May 30 (Bloomberg) -- Wal-Mart Stores Inc.’s Canadian chief executive officer, Shelley Broader, is being promoted to a job overseeing its operations in Europe, part of a shakeup for the retail chain’s international business.
Broader will take the role of CEO for Europe, the Middle East and sub-Saharan Africa, overseeing 1,345 retail units and 285,000 workers, on June 1, Wal-Mart said today in a statement. She will report directly to David Cheesewright, the head of Wal-Mart International.
The move continues a reshuffling in Wal-Mart’s overseas operations that began last month. Greg Foran, the CEO of Wal-Mart’s Chinese unit since 2012, is taking over as president and CEO of Asia from Scott Price. Price is moving to the company’s headquarters in Bentonville, Arkansas, to become an executive vice president. Those changes also take effect June 1.
Broader, who joined Wal-Mart Canada as chief merchandising officer in December 2010 and became the division’s CEO in 2011, will continue to oversee operations in the country until a successor is in place, the company said. As head of the Canada business, she has had to contend with fresh competition from Target Corp., which has expanded into the country.
“Shelley’s leadership of our business in Canada during a time of increased competition underscores her knowledge of the retail environment which will serve her well in her new role,” Cheesewright said in the statement.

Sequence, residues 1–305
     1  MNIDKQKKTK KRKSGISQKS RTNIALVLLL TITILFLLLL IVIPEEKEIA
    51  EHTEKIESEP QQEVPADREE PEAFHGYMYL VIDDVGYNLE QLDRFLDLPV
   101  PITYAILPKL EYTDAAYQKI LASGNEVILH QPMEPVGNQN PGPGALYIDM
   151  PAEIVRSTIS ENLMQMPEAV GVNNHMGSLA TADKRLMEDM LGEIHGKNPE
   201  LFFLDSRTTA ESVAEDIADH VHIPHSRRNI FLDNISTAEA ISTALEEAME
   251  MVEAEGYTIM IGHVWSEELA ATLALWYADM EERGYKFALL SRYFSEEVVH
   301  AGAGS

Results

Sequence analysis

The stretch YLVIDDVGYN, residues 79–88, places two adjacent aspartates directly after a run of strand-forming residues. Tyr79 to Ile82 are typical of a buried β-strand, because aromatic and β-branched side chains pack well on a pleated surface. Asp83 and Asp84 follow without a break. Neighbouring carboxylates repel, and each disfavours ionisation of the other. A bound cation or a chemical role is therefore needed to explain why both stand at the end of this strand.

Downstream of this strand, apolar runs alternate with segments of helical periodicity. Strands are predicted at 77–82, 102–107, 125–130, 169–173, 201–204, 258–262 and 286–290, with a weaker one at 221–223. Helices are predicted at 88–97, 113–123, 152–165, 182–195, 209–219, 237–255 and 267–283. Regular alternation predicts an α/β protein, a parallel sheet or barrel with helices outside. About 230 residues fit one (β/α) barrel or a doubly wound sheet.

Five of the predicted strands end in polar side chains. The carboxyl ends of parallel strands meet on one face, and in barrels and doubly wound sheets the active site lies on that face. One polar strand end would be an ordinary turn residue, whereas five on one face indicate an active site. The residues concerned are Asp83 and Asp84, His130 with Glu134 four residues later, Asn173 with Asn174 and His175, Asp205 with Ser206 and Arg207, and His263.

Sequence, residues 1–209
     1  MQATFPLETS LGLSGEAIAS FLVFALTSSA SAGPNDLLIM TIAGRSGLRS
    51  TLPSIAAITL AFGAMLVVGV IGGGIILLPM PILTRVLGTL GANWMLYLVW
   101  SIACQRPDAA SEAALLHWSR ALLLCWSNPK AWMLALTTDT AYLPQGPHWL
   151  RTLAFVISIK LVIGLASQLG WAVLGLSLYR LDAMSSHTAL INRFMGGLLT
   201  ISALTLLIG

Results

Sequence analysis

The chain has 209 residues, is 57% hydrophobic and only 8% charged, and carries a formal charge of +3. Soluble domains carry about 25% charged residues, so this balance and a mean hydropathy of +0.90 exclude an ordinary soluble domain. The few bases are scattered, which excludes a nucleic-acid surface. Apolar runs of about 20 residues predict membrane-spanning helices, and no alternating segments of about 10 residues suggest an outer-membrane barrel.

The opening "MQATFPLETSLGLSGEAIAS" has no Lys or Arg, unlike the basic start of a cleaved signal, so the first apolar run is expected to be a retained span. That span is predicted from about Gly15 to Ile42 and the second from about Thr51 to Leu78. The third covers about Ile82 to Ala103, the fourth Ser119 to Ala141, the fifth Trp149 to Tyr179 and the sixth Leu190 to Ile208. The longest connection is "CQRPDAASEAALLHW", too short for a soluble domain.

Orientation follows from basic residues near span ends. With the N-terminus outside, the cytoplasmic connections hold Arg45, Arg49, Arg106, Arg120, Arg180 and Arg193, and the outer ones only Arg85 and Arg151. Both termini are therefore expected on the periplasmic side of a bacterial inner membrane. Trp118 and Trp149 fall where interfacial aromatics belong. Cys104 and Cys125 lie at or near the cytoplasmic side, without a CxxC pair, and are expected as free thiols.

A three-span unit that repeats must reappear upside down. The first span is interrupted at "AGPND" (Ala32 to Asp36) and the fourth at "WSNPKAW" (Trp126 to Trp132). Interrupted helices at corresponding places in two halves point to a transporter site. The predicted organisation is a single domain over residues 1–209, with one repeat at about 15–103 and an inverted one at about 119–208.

Wal-Mart shares rose 1 percent to $76.77 at the close in New York. The stock has declined 2.4 percent this year.
In making the management changes, CEO Doug McMillon is putting his stamp on the company after almost four months at the helm. He is working to reinvigorate Wal-Mart’s sales after a slowdown both at home and abroad.
Wal-Mart forecast second-quarter profit earlier this month that missed estimates. Earnings will be $1.15 to $1.25 a share in the period, compared with the $1.28 projected by analysts. Sales and profit in the fiscal first quarter, which ended April 30, also trailed estimates.
The forecast reflects higher U.S. health-care costs and increased spending on the Sam’s Club membership program, the company said. Same-store sales at Sam’s Club fell 0.5 percent last quarter, underperforming the rest of the chain.
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